In Search of Magic Ink: Part One When I was asked by the big boss to write a piece on bamboo tattooing, I ended up at a bar, with a pirate, drinking a tequila shake, wondering if that was what he had in mind. How I got there was unexpected, but certainly not unwelcome. Let me start from the beginning...
As for how the pirate comes into the story, well, that’s just Mr. Long. He certainly doesn’t aim to emulate a pirate, but his luscious locks and affinity for headscarves might indicate otherwise. If Jack Sparrow were Thai, he’d be Mr. Long. It’s fitting that he was a barber in Bangkok for almost 30 years, which explains the great care he gives his tresses. He eventually gave up barber-dom and settled in Ao Nang with his family, opening up what is now known as Mr. Long’s. As his wife holds down the kitchen, his son Zeff and his best friends since primary school work alongside each other everyday. Not a bad set up.
BAMBOO TATTOOING is undoubtedly popular in Southeast Asia, and Thailand remains one the most famous places in the world to have them done. The art is believed to have originated over 3000 years ago, during the Khmer period. One can appreciate the organic quality of using an ancient method in modern times, in addition to preserving a cultural experience. But perhaps unbeknownst to most visitors, its popularity runs much deeper than skin, paralleled with the historic tradition of Sak Yant.
Mr. Long and his family are a constant reminder of what I love about Thailand – its people. When I first set foot in Mr. Long’s to watch Lene get inked, I distinctly remember Zeff casually inviting me to grab a soda out of the fridge if I needed it. My relationship with them had gone from stranger to someone worthy of trespassing the counter within minutes of our meeting. Mr. Long later told me that as a good judge of character, he had surmised that I was “crazy, but not stupid.” This coming from a guy who once fought a Muay Thai fight for some toothpaste.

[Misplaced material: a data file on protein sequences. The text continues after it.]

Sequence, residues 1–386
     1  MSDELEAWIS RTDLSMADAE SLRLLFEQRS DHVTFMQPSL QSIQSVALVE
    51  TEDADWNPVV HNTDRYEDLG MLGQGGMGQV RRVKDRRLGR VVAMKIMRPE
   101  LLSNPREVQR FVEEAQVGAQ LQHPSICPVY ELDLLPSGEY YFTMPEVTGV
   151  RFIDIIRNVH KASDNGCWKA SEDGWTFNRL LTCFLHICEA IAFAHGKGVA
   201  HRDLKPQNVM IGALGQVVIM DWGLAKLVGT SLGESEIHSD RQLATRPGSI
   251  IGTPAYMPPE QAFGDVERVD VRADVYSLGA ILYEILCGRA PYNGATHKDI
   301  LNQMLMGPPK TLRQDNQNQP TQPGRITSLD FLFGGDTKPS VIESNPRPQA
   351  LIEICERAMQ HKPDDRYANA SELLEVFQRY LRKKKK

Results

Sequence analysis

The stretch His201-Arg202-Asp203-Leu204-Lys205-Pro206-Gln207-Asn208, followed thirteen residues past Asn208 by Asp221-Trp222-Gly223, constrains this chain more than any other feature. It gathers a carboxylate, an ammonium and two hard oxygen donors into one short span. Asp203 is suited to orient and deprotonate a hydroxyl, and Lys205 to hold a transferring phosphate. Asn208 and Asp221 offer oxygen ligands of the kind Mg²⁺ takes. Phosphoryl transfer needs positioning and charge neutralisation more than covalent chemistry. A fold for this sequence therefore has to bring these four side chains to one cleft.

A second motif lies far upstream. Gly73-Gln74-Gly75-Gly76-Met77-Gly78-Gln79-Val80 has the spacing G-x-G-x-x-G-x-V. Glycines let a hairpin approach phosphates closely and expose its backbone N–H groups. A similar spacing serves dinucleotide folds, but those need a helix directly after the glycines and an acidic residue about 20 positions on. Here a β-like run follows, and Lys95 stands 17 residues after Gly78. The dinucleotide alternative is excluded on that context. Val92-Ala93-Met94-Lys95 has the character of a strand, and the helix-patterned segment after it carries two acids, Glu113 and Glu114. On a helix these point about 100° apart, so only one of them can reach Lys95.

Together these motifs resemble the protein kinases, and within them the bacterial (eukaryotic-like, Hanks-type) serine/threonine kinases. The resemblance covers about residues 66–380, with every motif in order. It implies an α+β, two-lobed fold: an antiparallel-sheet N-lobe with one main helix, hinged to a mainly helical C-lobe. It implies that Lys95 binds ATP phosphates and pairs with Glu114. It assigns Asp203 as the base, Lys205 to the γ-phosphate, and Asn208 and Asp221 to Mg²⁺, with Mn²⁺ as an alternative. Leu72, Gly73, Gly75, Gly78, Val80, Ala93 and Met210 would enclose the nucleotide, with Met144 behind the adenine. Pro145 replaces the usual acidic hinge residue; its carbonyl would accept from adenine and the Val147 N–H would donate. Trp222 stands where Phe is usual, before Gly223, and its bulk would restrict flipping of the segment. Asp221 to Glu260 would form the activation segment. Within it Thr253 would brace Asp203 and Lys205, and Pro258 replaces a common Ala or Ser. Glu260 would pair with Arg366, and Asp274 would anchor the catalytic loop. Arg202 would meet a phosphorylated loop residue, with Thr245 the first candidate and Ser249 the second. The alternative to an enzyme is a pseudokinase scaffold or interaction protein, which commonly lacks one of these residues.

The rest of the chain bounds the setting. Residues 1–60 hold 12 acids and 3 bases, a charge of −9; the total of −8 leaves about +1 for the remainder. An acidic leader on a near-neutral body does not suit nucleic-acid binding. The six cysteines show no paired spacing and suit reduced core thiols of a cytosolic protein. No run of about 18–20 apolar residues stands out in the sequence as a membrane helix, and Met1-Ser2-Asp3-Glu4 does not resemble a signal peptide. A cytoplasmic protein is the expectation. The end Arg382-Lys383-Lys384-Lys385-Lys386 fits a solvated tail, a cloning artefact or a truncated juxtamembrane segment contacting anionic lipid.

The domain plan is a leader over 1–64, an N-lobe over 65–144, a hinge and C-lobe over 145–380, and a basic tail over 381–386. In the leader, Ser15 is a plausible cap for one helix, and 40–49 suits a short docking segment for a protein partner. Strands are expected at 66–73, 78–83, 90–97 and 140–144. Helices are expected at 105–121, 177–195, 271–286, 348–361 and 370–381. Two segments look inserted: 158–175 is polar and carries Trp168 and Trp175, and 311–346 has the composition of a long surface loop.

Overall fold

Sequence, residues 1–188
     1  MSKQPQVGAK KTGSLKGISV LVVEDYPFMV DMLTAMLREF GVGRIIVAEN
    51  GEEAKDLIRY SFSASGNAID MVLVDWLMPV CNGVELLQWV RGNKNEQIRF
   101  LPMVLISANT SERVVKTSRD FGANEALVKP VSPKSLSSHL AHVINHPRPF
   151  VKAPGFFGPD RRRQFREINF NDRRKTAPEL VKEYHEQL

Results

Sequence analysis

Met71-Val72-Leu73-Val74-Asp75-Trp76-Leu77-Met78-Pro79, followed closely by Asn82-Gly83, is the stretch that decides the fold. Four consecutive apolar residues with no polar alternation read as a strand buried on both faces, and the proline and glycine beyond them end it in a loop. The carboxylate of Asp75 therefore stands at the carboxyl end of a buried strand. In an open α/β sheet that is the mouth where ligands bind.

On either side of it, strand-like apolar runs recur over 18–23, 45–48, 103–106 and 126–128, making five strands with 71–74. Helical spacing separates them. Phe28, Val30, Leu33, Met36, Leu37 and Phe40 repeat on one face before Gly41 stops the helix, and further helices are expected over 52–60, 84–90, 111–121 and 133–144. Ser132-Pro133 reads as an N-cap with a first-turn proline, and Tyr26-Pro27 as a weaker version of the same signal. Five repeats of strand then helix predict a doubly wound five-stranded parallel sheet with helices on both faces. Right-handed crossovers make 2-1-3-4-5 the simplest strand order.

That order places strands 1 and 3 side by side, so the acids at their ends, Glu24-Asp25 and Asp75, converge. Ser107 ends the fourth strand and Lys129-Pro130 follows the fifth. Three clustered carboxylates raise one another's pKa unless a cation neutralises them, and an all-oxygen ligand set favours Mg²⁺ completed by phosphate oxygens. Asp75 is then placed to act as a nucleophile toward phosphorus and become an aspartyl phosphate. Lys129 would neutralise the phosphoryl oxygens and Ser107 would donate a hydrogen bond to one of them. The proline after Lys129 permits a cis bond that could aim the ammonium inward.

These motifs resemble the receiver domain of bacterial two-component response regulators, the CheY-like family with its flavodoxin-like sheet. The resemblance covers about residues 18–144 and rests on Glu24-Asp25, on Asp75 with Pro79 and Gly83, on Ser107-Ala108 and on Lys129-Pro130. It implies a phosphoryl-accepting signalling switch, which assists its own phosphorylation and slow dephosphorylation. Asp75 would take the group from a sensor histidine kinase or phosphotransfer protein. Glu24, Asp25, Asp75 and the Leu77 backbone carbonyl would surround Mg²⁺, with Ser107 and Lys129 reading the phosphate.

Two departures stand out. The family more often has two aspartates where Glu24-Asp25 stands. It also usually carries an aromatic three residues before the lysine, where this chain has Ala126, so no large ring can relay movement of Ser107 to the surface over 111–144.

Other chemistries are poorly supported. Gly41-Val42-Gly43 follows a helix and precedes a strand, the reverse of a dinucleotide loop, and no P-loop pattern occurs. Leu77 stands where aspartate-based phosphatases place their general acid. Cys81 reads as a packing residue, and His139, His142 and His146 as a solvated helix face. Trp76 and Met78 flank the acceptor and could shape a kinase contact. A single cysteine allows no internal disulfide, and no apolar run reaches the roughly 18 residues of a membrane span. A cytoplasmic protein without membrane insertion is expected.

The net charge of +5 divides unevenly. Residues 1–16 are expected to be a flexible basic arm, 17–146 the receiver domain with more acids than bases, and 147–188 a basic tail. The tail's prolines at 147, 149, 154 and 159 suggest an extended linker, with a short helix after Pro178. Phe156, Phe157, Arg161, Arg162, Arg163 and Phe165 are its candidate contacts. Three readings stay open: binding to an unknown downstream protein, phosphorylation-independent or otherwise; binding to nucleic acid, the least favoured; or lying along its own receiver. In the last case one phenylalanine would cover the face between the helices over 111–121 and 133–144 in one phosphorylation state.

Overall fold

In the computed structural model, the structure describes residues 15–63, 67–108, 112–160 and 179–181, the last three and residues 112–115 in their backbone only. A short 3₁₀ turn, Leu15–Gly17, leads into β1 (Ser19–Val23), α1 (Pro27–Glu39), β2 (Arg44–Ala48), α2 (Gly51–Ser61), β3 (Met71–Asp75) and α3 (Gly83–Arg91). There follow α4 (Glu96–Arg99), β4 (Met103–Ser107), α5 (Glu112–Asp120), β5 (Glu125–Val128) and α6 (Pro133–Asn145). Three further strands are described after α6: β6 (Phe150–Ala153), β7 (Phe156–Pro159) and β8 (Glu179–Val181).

Anyone who’s been in Thailand has likely caught glimpses of the exotic tattoos emblazoned in black ink with Thai script and geometric designs. Sometimes these tattoos depict deities, sacred animals, or even mythical creatures. What is so alluring about these tattoos is the intention behind them. Although elegant and eyecatching, Sak Yant is of a magico-religious tradition with mystical purposes of bestowing powers, protections or good luck. A quick gander at the myriad tattoo shops in Thailand and you’ll likely see a plethora of Sak Yant designs plastered on the wall, waiting for a committed customer. Delving into the world of bamboo tattoos quickly translated into ferreting out everything there is to know about Sak Yant.
In the days after Lene’s six hour tattoo affair, I found myself repeatedly returning to Mr. Long’s, unable to avoid the pull of his smile and the warmth of his place. I wasn’t making headway on any Sak Yant leads, so I took a pause for the cause. It became synonymous with dropping by a friend’s house, with the bar portion feeling only like an afterthought. The most telling things of all have been the patrons, with arsenals of stories about Mr. Long and family, usually culminating in laughter and appreciation for his generous spirit. I’ve since spent many an evening getting to know Mr. Long, Zeff and his friends Beer (tattoo beer), Spy, Men and Beer (Muay Thai beer)…still with or without coincidence that there are two Beer’s working there.